The Rat-catcher and Cats

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Fable XXI

The rats by night such mischief did,
Betty was every morning chid.
They undermined whole sides of bacon,
Her cheese was sapped, her tarts were taken.
Her pasties, fenced with thickest paste,
Were all demolished, and laid waste.
She cursed the cat for want of duty,
Who left her foes a constant booty.
An engineer, of noted skill,
Engaged to stop the growing ill.

   From room to room he now surveys
Their haunts, their works, their secret ways;
Finds where they 'scape an ambuscade,
And whence the nightly sally's made.
   An envious cat from place to place,
Unseen, attends his silent pace.
She saw, that if his trade went on,
The purring race must be undone;
So, secretly removes his baits,
And every stratagem defeats.

   Again he sets the poisoned toils,
And puss again the labour foils.
   'What foe (to frustrate my designs)
My schemes thus nightly countermines?'
Incensed, he cries: 'this very hour
This wretch shall bleed beneath my power.'
   So said. A pond'rous trap he brought,
And in the fact poor puss was caught.
   'Smuggler,' says he, 'thou shalt be made
A victim to our loss of trade.'

   The captive cat, with piteous mews,
For pardon, life, and freedom sues:
'A sister of the science spare;
One interest is our common care.'
   'What insolence!' the man replied;
'Shall cats with us the game divide?
Were all your interloping band
Extinguished, of expelled the land,
We rat-catchers might raise our fees,
Sole guardians of a nation's cheese!'

   A cat, who saw the lifted knife,
Thus spoke, and saved her sister's life:
  'In every age and clime we see,
Two of a trade can ne'er agree.
Each hates his neighbour for encroaching;
Squire stigmatises squire for poaching;
Beauties with beauties are in arms,
And scandal pelts each other's charms;
Kings too their neighbour kings dethrone,
In hope to make the world their own.

But let us limit our desires;
Nor war like beauties, kings, and squires!
For though we both one prey pursue,
There's game enough for us and you.'

The Fables, Volume 1 (1727)
Introduction The Shepard and the Philosopher
Fable I The Lion, the Tiger, and the Traveller
Fable II The Spaniel and the Cameleon
Fable III The Mother, the Nurse, and the Fairy
Fable IV The Eagle, and the Assembly of Animals
Fable V The wild Boar and the Ram
Fable VI The Miser and Plutus
Fable VII The Lion, the Fox, and the Geese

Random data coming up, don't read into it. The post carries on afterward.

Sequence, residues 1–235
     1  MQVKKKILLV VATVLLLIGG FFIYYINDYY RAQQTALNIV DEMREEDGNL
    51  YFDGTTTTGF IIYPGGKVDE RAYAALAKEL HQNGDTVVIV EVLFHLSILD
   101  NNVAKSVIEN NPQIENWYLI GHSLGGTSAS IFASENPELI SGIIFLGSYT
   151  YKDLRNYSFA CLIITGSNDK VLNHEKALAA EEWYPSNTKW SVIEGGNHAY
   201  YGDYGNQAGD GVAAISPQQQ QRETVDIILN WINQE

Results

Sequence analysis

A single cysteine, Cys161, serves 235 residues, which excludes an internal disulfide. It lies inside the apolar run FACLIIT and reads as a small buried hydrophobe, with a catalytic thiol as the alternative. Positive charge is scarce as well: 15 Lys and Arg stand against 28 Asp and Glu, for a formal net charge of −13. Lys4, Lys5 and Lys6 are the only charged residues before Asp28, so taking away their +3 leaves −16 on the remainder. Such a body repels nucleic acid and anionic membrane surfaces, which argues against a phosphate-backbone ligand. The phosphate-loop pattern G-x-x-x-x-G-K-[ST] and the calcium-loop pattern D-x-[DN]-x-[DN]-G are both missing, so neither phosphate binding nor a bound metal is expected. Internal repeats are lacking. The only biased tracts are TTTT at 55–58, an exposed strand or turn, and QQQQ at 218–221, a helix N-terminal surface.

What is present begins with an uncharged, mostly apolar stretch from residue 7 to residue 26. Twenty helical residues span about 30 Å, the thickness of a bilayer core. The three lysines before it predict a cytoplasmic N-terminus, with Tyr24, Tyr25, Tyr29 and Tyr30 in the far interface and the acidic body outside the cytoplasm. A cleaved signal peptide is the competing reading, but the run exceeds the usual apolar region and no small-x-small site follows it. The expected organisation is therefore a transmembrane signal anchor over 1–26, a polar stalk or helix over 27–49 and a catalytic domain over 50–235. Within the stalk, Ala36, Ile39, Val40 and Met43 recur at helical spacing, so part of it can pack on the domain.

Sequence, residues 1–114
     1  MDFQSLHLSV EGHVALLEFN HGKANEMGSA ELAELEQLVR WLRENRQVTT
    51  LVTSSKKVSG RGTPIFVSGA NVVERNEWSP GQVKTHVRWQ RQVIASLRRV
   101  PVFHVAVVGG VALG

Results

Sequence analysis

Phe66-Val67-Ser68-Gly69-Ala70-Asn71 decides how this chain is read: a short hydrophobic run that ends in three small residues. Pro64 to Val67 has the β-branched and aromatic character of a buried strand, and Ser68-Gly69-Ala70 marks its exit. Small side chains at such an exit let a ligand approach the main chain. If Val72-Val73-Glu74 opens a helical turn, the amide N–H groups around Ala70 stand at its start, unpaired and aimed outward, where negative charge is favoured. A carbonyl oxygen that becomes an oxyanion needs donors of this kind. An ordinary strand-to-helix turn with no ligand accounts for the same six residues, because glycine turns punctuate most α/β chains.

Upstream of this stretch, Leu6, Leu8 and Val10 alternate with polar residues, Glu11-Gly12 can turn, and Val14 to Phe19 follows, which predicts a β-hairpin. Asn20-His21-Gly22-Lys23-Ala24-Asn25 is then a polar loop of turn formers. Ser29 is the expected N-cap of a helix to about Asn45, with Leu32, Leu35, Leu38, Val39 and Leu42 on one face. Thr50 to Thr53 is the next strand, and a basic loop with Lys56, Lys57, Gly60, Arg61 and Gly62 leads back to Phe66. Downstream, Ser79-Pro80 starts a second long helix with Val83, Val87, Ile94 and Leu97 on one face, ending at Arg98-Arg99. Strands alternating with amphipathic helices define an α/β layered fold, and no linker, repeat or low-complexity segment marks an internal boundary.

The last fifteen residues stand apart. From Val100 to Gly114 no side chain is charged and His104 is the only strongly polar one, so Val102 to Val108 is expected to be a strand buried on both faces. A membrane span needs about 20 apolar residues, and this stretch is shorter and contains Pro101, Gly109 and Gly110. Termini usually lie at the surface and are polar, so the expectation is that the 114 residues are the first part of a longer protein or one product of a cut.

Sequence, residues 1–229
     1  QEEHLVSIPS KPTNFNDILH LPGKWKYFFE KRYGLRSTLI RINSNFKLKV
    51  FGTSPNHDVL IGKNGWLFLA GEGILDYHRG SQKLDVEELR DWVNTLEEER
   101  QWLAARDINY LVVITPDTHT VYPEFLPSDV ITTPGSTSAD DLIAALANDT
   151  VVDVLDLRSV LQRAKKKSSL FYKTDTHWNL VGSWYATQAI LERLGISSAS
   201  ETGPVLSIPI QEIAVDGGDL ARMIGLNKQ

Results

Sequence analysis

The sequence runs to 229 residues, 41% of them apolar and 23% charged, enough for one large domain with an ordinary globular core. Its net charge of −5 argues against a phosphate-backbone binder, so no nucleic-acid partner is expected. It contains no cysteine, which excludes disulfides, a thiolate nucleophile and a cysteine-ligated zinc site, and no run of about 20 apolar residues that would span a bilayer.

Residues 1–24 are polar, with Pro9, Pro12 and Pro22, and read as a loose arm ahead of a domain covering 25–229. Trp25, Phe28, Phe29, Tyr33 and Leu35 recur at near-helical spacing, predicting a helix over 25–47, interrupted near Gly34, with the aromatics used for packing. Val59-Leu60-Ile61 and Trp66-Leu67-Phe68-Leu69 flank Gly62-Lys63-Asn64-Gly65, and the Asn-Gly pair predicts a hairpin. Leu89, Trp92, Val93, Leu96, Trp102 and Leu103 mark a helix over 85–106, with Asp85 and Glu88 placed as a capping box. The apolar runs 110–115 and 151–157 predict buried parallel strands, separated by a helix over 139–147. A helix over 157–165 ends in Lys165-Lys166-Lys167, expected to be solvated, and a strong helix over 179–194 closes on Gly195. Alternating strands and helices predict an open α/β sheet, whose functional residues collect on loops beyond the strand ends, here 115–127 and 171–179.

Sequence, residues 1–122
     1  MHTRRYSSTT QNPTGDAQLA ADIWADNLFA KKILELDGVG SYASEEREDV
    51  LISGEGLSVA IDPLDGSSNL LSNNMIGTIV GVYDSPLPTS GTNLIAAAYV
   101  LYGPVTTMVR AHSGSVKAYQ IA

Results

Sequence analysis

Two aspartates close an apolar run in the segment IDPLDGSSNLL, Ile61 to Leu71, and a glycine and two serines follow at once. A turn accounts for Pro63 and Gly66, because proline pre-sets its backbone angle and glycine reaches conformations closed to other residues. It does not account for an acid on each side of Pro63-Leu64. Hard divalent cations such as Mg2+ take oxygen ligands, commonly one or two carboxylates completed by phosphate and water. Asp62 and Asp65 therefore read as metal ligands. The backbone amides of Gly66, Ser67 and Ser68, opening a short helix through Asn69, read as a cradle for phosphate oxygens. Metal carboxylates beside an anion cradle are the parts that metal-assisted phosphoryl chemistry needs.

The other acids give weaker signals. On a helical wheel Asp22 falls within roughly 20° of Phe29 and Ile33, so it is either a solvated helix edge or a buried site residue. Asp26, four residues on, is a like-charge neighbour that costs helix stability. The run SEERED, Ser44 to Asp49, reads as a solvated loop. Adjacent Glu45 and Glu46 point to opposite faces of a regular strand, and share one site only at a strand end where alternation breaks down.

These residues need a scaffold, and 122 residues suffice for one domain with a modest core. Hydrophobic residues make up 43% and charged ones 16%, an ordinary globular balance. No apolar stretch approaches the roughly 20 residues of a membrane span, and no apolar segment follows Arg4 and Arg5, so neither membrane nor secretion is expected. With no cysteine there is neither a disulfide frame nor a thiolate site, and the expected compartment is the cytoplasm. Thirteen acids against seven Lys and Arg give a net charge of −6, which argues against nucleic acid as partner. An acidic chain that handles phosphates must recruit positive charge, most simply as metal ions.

Fable VIII The Lady and the Wasp
Fable IX The Bull and the Mastiff
Fable X The Elephant and the Bookseller
Fable XI The Peacock, the Turkey, and the Goose
Fable XII Cupid, Hymen, and Plutus
Fable XIII The Tame Stag
Fable XIV The Monkey who had seen the World
Fable XV The Philosopher and the Pheasants
Fable XVI The Pin and the Needle
Fable XVII The Shepherd's Dog and the Wolf
Fable XVIII The Painter who pleased Nobody and Everybody
Fable XIX The Lion and the Cub
Fable XX The Old Hen and the Cock
Fable XXI The Rat-catcher and Cats
Fable XXII The Goat without a Beard
Fable XXIII The Old Woman and her Cats
Fable XXIV The Butterfly and the Snail
Fable XXV The Scold and the Parrot
Fable XXVI The Cur and the Mastiff
Fable XXVII The Sick Man and the Angel
Fable XXVIII The Persian, the Sun, and the Cloud
Fable XXIX The Fox at the point of Death
Fable XXX The Setting-dog and the Partridge
Fable XXXI The Universal Apparition
Fable XXXII The Two Owls and the Sparrow
Fable XXXIII The Courtier and Proteus
Fable XXXIV The Mastiffs
Fable XXXV The Barley-mow and the Dunghill
Fable XXXVI Pythagoras and the Countryman
Fable XXXVII The Farmer's Wife and the Raven
Fable XXXVIII The Turkey and the Ant
Fable XXXIX The Father and Jupiter
Fable XL The Two Monkeys
Fable XLI The Owl and the Farmer
Fable XLII The Jugglers
Fable XLIII The Council of Horses
Fable XLIV The Hound and the Huntsman
Fable XLV The Poet and the Rose
Fable XLVI The Cur, the Horse, and the Shepherd's Dog
Fable XLVII The Court of Death
Fable XLVIII The Gardener and the Hog
Fable XLIX The Man and the Flea
Fable L The Hare and many Friends

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